KEEP THE RIVER TO YOUR RIGHT is a startling shot-on-video documentary that almost defies description. The story of Tobias Schneebaum, KEEP THE RIVER covers both spiritual and geographical landscapes. A Jewish artist who also turned out to be gay, Schneebaum was an outsider’s outsider until he journeyed into the jungles of the Peruvian Amazon in the 1950s and became even more odd: a possible practicing cannibal.When Schneebaum first disappeared into the Amazon the U.S. State Department assumed he’d been killed. After several months he emerged from the jungles naked and adorned in body paint. Imagine the faces of the blasé art crowd when Schneebaum returned to New York and calmly informed his fellow artists the people he’d been staying with were cannibals who also encouraged homosexuality.
Restless and obsessed with "going wild" he eventually journeyed to the most remote areas of New Guinea (where he found more cannibal tribesman) and this time when he came back to the States wrote the book Keep the River On Your Right, a landmark book detailing his unique travels.
Following a brief stint in the literary limelight, he then faded into obscurity until David Shapiro found Schneebaum’s long out-of-print book in an East Village garbage can. Grabbing his sister the two tracked down Schneebaum, finding he was living right under their noses in New York.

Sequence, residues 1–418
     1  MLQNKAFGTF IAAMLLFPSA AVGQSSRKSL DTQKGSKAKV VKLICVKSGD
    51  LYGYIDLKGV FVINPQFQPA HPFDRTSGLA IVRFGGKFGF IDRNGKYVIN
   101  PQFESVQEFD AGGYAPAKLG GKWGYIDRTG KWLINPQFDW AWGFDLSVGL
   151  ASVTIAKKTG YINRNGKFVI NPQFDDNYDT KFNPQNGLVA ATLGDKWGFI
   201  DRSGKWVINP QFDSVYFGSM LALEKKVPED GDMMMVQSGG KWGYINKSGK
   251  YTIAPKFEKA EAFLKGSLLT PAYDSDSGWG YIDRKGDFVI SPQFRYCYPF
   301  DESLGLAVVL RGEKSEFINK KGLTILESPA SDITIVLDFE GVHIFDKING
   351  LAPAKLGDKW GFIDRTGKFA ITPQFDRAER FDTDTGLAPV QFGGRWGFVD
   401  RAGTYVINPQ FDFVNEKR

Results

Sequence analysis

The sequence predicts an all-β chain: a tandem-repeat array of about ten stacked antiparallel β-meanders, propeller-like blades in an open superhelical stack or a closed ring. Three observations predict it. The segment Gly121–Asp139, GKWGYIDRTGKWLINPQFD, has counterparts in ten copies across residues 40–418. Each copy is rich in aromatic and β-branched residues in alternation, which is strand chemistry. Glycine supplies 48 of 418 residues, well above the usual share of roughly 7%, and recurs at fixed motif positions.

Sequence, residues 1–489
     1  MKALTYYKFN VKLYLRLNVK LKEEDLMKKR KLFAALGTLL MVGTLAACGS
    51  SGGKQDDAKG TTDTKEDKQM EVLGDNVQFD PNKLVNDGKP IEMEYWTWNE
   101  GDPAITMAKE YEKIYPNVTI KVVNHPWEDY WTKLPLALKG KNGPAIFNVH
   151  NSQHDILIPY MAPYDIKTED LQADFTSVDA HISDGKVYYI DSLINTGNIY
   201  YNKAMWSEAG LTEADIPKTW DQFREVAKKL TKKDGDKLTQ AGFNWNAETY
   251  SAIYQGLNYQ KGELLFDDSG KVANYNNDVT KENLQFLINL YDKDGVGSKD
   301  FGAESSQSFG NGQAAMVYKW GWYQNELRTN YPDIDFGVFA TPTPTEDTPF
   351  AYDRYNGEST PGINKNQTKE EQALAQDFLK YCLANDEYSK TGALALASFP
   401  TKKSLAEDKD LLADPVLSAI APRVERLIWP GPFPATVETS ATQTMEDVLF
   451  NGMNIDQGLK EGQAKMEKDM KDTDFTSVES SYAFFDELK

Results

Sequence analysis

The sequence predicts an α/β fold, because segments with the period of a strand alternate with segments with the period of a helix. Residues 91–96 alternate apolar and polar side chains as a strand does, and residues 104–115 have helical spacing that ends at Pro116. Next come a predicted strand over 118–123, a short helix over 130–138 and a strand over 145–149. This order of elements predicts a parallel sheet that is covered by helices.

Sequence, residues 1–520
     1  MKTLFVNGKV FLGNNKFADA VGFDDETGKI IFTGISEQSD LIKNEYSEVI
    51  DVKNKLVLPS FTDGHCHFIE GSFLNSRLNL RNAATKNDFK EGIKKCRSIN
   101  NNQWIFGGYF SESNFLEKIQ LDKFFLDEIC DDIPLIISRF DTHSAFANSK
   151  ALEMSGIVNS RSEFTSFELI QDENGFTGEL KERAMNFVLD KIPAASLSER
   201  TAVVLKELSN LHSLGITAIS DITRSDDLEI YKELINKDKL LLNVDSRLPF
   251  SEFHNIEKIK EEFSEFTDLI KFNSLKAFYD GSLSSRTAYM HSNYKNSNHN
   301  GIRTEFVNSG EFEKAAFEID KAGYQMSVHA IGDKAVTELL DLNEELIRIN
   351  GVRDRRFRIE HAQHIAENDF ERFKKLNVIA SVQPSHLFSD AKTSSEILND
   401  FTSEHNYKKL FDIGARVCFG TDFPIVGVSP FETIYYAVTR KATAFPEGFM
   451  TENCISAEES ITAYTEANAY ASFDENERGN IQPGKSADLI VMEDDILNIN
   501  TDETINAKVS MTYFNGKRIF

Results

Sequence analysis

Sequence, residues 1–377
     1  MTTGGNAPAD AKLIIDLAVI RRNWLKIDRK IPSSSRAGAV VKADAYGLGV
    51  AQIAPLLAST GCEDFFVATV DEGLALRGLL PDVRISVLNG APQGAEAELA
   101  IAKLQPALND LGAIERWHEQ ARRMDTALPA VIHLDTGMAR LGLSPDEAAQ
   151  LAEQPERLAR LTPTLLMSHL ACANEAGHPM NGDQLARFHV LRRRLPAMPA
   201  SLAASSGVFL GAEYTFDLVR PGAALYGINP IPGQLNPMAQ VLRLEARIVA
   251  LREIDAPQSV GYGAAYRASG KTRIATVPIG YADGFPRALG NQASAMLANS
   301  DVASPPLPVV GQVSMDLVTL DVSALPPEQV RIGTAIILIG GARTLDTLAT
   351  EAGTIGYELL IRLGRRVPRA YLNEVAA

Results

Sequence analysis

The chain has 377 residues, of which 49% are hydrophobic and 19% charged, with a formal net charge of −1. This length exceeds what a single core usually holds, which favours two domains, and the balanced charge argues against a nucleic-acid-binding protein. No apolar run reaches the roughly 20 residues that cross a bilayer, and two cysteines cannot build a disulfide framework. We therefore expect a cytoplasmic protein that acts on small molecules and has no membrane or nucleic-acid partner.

Pushing 80 when the film begins, Schneebaum is the picture perfect quiet, unassuming old man. He barely speaks above a whisper but behind the sparkle in his eye there lurks something else. He knows things others can only imagine.
The Shapiros present a full view of his avant garde artistic career in New York complete with shots of the original book cover and numerous talking head interviews including novel giant Norman Mailer. Then, as the suspense grows, the film circles around the fact that we’re to see Schneebaum’s somewhat reluctant return to the land that gave cause to the Euro title of the film being called I WAS A CANNIBAL.
Traveling up the river to a heart of darkness Conrad would appreciate, Schneebaum finds several of the tribesmen he lived with for a couple of years including an old lover. Never mind the latest Hollywood crap they claim to be "an offbeat love story," the scenes with Schneebaum and his old pal are all the more touching once you get past the novelty aspect.All and all, a uniquely engrossing trip. And after the film ends and you find yourself dumbfounded just remember what P.J. O’Rouke said: the weirdest people out there always are the ones who look the most normal. And by the way, after one screening, yes someone asked him what human flesh tasted like and no, he didn't say "chicken." -- Paul Zimmerman